Speaking to the dark night in a roaring voice;
Now, I am a man, and I am called ‘Dante’."

Death itself is but the rising of man to a higher step on this ladder. As the poet advances in age, through bereavements, the problem of the life beyond preoccupies more of his thoughts. He faces death calmly and with serenity, as being the means by which a much larger scope will be given to all his closest aspirations.

With regard to this, we will end by quoting some lines which are attributed to him and which could be called his spiritual testament:

"I feel within myself a future life. I am like a forest which has been cut down several times. The young shoots come again each time stronger, more vigorous. I know I am mounting towards heaven. The sun shines above my head. The earth offers me its blessed freshness, but eternal life stretches far beyond, extending into unknown worlds.

"Thou sayest that the world is nothing else than the result of material powers. How then can my soul be full of life at the very time when my material force begins to decline? Winter is on my brow, but in my heart there is eternal springtime. In my old age I love to inhale the scent of lilies, violets and roses, just as I did at twenty years of age. The nearer I approach my end, the more distinctly I hear all around me the symphony of the unseen which calls me. It is full of awe, it is marvellous, but so it is. One could call it a tale and yet it is a genuine and truthful story.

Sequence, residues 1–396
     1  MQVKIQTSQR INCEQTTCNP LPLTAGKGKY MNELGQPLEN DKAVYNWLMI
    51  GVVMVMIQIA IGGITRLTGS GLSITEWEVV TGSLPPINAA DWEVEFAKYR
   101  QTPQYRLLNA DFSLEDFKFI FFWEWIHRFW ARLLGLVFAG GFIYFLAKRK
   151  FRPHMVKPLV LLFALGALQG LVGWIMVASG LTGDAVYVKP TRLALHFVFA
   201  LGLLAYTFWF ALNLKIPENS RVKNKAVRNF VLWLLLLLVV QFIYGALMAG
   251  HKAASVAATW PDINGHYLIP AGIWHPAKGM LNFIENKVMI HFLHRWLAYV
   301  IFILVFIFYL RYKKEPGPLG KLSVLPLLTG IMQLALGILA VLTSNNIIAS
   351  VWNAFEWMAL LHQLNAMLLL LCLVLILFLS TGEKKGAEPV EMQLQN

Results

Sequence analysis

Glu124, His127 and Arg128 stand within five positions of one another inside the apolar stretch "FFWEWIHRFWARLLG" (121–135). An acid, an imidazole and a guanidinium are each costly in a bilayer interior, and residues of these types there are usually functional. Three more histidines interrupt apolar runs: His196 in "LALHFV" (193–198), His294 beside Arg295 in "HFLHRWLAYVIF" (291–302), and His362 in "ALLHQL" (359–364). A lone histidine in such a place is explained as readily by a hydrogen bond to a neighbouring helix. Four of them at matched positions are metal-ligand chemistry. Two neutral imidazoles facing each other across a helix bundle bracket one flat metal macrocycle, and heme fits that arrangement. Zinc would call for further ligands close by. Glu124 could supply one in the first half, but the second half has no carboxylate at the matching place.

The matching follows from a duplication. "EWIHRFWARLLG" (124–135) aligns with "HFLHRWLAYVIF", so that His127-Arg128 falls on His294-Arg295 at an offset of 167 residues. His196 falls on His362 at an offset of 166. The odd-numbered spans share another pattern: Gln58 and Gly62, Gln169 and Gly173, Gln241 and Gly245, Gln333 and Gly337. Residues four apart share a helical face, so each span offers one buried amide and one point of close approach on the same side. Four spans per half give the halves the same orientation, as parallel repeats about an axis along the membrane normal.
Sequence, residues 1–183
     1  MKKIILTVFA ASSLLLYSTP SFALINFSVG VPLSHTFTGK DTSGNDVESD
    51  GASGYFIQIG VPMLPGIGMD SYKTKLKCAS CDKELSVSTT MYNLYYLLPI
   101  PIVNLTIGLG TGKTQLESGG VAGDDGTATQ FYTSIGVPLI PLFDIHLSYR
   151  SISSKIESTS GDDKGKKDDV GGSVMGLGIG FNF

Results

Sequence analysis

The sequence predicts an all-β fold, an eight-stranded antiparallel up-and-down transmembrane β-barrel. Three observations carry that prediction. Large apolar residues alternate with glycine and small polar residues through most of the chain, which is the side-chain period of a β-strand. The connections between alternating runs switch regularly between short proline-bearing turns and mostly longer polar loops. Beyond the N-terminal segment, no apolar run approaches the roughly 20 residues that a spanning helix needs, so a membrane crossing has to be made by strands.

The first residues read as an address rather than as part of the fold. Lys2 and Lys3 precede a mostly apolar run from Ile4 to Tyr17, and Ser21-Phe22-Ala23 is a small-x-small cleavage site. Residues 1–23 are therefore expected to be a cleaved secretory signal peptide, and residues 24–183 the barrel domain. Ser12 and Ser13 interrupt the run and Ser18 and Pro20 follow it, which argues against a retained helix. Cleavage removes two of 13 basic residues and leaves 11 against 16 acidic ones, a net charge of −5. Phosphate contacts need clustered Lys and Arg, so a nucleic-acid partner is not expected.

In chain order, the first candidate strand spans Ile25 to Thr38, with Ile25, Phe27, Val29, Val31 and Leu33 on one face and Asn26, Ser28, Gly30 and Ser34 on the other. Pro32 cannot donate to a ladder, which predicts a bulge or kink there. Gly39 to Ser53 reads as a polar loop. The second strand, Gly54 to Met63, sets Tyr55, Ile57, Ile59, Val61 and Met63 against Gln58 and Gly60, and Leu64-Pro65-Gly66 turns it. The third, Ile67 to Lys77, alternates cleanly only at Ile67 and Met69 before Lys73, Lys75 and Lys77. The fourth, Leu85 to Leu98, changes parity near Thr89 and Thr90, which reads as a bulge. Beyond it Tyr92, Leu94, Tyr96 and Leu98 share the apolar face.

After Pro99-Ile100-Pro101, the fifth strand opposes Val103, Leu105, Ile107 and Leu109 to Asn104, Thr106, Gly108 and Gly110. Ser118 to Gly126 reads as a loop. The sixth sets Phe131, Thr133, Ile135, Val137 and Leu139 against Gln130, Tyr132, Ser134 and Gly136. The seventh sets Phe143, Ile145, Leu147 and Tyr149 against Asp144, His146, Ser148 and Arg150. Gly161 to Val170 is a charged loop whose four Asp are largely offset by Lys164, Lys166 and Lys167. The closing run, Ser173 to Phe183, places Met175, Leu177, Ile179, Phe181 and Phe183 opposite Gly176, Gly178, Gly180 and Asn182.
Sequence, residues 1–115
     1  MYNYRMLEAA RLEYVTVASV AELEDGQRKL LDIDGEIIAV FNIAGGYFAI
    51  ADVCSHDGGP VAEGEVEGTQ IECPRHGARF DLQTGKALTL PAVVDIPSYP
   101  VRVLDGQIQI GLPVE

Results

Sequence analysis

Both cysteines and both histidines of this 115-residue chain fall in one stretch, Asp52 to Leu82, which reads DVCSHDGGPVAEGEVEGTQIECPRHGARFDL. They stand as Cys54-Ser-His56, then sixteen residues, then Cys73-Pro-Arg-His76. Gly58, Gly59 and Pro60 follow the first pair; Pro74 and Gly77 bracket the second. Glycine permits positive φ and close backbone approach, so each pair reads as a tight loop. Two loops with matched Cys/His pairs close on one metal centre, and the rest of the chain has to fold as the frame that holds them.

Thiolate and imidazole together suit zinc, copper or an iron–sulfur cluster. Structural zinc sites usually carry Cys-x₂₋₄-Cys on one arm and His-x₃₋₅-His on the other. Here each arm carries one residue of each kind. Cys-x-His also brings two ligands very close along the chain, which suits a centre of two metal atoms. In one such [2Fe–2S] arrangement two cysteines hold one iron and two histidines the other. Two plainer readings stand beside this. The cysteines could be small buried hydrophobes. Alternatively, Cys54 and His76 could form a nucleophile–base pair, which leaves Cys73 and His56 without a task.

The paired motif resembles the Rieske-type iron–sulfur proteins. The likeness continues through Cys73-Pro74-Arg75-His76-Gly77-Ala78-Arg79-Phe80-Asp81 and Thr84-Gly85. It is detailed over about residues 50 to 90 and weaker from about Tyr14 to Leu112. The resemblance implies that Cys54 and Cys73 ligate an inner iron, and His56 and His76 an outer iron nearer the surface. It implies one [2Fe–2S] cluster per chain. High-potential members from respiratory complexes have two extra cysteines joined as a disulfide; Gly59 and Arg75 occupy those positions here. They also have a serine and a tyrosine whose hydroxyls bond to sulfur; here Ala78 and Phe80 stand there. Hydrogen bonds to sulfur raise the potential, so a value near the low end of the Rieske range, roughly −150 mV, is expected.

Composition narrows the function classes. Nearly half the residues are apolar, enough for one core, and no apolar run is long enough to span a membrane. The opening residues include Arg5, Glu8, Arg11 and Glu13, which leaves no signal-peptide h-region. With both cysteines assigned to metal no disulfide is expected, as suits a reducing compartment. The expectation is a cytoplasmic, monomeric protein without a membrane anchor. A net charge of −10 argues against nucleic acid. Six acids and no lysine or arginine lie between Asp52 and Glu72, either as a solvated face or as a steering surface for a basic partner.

"For half a century I have put down my thoughts in prose and in verse; I have written about history, about philosophy, drama, novels, tales, satires, odes, songs, I have tried all known paths. But I feel that I have not expressed the thousandth part of what is in me.

"Moving towards the grave, I can say as many another has said: ‘My earthly task is finished.’ But I cannot say: ‘My life is ended.’ New tasks await me. The grave is not an end, an entry into nothing; it is a transition. It is shrouded in profound darkness, like night which leads to dawn. I feel refreshed each day, because I love the other world as one does his native country. My work is only beginning, has laid foundations. I shall rejoice to see it rising up unto eternity."

In conclusion we might say that what Victor Hugo knew of Swedenborg, either directly or indirectly, it is mainly of what the latter has said on the life after death. But it would be wrong to consider him as one of his disciples.

Editors note:

The Rev Alfred Regamey’s was a pastor of the New Church in Switzerland, knowledgeable about French Literature, and this article was written in the first half of the last century. At that time the line between ‘members of the New Church’ and readers of Swedenborg was drawn more severely than today.

Published in Things Heard and Seen, the Newsletter of the Swedenborg Society, London, No. 12 (Autumn 2003) pp. 40-43.

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Victor Hugo